Prices for just about everything rose at a faster pace in January than in recent months and increases are higher than analysts expected, according to the newest Bureau of Labor Statistics (BLS) report.
Year-over-year (YoY or annual) inflation came in at 7.5%, a 40 year high and above analysts 7.2%-7.3% estimate. The new numbers show inflation is accelerating in contrast to some experts’ predictions.
For the month of January, the BLS reported a .7% gain in prices that exclude food and energy. But the more important number, for those Americans that work for a living, eat food, heat their homes, and drive a car (CPI-W), is that overall prices increased by .9% last month. That’s almost one full percentage point in a single month. If the trend continues, double-digit Carter-like inflation could be near.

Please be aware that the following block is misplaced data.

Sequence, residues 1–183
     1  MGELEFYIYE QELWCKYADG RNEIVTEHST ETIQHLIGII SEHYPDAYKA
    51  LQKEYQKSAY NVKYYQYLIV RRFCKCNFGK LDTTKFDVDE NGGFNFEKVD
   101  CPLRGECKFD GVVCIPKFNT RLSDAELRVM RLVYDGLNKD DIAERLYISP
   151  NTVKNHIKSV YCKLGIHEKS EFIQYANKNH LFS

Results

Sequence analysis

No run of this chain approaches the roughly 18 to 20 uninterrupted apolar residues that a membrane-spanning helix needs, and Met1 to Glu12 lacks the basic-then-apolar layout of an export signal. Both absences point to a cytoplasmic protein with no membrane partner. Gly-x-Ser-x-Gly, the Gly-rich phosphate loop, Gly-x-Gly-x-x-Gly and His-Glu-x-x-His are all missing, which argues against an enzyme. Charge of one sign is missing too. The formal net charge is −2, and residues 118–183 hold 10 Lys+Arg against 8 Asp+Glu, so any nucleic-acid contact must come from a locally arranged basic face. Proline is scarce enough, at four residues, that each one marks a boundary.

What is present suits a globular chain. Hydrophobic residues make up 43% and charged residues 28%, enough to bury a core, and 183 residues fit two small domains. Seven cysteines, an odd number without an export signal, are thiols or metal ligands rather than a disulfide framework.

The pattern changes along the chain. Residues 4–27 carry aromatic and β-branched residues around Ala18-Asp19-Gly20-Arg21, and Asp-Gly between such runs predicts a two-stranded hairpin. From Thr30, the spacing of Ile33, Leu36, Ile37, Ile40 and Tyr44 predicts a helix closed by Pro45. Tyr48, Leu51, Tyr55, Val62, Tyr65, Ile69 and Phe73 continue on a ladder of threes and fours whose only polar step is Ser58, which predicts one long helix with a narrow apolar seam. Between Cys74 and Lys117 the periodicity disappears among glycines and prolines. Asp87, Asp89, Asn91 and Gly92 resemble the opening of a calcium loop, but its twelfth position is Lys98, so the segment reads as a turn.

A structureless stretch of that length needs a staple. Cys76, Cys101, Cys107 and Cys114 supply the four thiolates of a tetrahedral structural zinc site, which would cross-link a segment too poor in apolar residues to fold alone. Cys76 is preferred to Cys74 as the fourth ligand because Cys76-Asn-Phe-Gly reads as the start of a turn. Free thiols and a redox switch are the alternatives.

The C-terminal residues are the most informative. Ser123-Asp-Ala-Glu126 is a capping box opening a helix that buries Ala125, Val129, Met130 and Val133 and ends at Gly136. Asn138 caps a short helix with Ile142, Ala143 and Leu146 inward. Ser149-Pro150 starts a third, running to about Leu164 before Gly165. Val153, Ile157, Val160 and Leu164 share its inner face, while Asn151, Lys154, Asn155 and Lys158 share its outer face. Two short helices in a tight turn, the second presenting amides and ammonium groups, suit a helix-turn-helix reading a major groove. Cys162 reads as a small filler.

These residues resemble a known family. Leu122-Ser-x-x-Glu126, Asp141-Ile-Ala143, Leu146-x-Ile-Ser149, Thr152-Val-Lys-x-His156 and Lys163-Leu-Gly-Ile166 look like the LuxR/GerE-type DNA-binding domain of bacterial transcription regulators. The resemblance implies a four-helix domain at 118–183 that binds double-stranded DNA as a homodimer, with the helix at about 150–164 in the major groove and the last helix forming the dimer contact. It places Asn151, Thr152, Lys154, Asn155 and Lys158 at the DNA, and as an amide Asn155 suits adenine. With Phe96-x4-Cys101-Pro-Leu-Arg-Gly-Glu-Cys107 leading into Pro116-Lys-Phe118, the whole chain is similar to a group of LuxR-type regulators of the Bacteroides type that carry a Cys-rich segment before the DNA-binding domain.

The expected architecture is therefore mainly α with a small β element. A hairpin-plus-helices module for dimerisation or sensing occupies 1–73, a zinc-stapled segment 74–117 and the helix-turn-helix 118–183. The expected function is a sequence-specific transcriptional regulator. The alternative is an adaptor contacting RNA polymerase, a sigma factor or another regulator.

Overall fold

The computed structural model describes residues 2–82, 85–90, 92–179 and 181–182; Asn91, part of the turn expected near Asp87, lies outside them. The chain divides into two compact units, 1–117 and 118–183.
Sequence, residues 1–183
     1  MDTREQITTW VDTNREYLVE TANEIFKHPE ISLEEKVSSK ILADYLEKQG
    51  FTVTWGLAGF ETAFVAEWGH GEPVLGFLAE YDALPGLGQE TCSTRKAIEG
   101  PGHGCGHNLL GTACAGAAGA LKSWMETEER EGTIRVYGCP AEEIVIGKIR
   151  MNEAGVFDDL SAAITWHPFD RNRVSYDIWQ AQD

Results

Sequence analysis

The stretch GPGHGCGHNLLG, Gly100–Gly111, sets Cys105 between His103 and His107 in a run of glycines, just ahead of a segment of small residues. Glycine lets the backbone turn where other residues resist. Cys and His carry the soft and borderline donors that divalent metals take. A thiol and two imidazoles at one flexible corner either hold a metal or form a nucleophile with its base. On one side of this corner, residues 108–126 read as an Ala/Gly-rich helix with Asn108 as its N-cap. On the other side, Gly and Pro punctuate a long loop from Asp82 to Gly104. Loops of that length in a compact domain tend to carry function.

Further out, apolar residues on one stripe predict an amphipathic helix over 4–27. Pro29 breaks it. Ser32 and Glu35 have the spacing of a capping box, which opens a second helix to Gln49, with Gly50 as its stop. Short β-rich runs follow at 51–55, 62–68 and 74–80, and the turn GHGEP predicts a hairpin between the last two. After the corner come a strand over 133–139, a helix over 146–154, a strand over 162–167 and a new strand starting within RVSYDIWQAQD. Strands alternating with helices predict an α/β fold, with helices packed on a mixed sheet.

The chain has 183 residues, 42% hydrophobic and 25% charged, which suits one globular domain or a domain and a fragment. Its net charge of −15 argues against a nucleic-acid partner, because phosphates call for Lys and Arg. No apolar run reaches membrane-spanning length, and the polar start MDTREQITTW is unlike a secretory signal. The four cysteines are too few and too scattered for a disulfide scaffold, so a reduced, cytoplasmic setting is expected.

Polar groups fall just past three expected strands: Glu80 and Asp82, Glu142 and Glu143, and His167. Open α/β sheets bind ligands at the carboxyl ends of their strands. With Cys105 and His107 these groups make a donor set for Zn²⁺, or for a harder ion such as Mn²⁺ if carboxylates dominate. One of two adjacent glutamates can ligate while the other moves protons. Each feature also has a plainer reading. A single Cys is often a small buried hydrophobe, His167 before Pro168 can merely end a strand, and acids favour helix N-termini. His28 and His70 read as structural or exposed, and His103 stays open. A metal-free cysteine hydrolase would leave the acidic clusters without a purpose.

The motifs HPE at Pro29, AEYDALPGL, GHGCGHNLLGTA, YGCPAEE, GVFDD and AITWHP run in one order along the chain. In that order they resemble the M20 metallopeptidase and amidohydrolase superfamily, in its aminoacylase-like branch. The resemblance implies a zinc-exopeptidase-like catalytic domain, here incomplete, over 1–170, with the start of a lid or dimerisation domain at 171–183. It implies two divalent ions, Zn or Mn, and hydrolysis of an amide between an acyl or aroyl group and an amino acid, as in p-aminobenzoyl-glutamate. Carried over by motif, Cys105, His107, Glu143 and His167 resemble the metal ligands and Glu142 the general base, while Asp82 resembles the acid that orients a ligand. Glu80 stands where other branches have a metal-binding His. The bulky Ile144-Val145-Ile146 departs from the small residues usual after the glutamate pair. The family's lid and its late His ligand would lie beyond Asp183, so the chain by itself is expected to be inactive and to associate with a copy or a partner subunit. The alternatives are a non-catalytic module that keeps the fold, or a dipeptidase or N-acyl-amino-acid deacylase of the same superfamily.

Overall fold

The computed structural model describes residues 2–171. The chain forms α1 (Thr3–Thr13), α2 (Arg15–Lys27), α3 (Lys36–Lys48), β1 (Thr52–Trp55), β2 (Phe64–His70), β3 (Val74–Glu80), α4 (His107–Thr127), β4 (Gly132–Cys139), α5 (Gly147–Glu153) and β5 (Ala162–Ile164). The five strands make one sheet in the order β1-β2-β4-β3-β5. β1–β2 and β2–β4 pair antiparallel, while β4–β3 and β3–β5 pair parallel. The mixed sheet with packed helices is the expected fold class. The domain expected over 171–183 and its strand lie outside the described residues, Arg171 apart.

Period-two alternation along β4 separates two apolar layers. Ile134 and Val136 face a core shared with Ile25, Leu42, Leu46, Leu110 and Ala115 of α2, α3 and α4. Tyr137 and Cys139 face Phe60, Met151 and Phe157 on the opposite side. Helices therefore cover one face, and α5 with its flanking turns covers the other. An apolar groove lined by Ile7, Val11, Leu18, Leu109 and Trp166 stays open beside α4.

Another key takeaway from the report is that vehicle prices, which pushed inflation higher in 2021, rose little while food prices – a top concern for most working families – topped the list at .9% in January (7% YoY). New car prices stayed flat compared to December and used vehicles rose only 1.5% year-over-year.
The January figures show that core inflation rose at the fastest level since August of 1982 while wages in January, when adjusted for inflation, dropped 1.7%.
As American families are left dealing with average monthly costs more than $250 higher than 2020 levels, Biden’s approval ratings and Democrats’ chances to hold a majority in Congress are both sinking fast.
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